March for change

Students heading to the Capitol

If you want something done right, you should do it yourself.

In recent years, Congress has shown a trend of stagnation as result of political party gridlock and unfavorable agendas. It’s official: the 113th Congress in 2014 has been dubbed the least productive in modern history, and community college students are fed up.

On Monday, March 2, students from all 112 of California’s community colleges will rally on the steps of the Sacramento Capital building as they network with other hopeful social-justice pioneers and learn how to lobby with California legislatures. Known as “March in March,” the traditional parade to the capital is taking on a new strategy this year.

For several years, “March in March” has been generalized as a day where over-zealous college students scream catchy chants as they unite as a single entity and march to the capital to protest their grievances over misrepresentation from their state legislatures. Each year, the momentum arises from various themes: from 90 unit cap restraints to reducing budgets for educational programs, community college students use “March in March” as a symbolic gesture to show the State that students’ potential shouldn’t be limited by the regulations brought forth.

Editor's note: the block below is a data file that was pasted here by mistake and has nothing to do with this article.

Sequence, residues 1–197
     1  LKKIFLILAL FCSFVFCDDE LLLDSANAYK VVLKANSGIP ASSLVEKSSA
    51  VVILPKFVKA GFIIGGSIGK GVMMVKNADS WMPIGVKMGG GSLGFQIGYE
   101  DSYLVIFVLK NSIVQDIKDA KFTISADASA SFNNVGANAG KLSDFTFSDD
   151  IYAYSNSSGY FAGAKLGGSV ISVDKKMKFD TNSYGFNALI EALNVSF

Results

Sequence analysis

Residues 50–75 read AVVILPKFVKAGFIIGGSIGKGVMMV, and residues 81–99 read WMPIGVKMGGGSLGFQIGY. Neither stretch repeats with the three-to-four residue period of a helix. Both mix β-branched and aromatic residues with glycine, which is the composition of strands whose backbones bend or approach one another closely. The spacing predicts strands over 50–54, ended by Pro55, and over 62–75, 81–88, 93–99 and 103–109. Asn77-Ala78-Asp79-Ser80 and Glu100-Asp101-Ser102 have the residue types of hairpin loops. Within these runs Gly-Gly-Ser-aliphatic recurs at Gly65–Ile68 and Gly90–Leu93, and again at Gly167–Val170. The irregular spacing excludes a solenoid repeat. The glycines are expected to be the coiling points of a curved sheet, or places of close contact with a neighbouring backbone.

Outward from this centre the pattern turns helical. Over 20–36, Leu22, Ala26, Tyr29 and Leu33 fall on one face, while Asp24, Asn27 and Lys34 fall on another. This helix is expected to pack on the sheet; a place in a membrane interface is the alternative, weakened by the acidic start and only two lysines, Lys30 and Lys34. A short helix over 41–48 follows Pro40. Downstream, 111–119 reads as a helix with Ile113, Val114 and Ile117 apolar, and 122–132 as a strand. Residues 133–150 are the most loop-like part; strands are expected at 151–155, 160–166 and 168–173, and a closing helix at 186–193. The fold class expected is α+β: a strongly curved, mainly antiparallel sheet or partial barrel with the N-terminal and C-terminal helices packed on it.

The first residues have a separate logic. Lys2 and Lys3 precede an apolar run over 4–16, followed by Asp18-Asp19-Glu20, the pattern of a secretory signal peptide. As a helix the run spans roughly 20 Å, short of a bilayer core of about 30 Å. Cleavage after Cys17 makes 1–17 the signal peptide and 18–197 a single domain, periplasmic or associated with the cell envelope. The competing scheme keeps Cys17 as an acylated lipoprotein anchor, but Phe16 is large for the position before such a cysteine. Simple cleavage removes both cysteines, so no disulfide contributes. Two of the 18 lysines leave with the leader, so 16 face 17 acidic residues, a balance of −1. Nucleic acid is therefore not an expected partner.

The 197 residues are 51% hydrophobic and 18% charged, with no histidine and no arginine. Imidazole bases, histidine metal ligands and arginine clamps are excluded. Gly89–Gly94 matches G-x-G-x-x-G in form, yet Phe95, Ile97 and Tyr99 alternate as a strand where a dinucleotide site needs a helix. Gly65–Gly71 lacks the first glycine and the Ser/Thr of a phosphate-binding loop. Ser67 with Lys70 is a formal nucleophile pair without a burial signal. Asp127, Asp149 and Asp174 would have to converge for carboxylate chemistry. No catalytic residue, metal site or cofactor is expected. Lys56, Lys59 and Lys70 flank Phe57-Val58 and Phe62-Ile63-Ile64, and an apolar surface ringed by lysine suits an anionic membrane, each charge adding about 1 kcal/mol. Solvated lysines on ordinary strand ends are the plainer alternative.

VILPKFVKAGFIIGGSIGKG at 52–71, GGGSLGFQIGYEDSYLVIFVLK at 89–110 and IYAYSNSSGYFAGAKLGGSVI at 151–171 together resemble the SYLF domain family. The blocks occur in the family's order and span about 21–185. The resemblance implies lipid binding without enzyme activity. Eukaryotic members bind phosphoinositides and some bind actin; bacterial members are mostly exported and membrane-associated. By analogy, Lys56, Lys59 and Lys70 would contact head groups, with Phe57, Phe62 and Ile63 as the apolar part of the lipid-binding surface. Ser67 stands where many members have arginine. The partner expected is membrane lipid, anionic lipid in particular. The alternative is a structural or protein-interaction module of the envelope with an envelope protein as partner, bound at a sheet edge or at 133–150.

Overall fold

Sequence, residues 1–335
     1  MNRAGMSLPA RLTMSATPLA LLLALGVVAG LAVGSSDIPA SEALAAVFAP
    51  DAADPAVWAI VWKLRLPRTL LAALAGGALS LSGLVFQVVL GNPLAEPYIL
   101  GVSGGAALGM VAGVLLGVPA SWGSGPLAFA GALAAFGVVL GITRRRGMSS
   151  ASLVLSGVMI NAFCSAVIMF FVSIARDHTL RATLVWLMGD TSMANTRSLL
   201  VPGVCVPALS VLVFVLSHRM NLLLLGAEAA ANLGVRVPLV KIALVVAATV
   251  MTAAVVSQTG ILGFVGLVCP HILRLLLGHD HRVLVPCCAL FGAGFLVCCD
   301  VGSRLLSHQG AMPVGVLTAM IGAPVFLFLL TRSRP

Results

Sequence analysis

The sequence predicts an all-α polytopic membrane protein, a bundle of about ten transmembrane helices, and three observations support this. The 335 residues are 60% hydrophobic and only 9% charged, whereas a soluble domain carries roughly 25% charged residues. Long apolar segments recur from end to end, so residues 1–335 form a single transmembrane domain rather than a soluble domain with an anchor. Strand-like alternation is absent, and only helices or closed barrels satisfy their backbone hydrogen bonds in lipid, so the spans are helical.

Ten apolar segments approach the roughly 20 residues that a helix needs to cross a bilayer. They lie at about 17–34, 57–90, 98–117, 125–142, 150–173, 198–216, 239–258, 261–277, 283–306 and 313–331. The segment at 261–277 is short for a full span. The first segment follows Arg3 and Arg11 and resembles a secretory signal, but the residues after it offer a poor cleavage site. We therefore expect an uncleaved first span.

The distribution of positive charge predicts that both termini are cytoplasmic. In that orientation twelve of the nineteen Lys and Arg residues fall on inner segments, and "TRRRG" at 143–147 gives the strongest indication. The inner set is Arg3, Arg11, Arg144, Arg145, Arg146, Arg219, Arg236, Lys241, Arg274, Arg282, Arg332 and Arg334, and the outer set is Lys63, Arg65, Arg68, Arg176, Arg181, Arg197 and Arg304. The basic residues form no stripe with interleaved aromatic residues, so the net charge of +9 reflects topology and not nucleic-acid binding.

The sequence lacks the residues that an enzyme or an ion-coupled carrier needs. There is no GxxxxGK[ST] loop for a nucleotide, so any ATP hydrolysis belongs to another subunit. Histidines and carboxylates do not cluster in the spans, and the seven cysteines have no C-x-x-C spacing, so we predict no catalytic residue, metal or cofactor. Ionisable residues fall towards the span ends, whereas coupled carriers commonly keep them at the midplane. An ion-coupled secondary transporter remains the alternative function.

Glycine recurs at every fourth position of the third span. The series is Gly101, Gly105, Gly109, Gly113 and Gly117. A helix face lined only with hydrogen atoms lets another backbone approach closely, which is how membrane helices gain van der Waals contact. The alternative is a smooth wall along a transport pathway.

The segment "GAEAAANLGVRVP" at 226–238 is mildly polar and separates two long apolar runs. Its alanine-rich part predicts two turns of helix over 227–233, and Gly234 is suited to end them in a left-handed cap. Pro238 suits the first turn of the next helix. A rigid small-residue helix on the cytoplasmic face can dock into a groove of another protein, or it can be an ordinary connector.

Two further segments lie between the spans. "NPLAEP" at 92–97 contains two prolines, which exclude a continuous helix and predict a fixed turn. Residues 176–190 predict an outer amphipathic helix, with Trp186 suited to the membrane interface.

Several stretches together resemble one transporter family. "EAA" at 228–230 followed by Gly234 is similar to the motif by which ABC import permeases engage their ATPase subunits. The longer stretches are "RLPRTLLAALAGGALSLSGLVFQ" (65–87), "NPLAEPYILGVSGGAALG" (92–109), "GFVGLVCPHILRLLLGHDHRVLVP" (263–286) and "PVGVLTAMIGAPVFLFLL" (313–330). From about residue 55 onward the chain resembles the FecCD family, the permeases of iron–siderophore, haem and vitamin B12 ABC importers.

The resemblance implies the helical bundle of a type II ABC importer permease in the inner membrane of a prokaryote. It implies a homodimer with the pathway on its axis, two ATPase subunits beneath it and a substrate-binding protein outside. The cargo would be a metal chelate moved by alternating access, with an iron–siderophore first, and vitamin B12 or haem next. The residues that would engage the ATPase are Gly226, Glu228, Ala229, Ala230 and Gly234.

In recent years, legislatures have avoided being in their offices during “March in March” and would retreat from their offices to avoid confrontation from thousands of students parading on their steps. As a result, the year 2015 marks the year of new strategy. To bridge the gap from community college students and legislatures, the improved “March in March” will be a weekend of lobbying and effective communication.

During the weekend before March 2, students have the option to pay a $60 registration fee and attend conferences and luncheons where legislatures will be open to hear their grievances.  On the day of, rather than a collective energy forming upon the steps of the state capital, students will collaborate by setting up various booths around the Capital square as chosen student speakers use motivational rhetoric to speak on social justice topics, ranging from LGBT and minority rights to student liberties. Student leaders from the Student Senate for Community Colleges (SSCCC) will also provide information about proper lobbying etiquette and strategy.

The rally, free to all students, has inspired schools across the state to provide busses for their constituents. Diablo Valley College Associated Students has offered to share their bus with LMC students and will pick up students at Los Medanos College early Monday morning. The only cost? A signed code-of-conduct form and an open mind.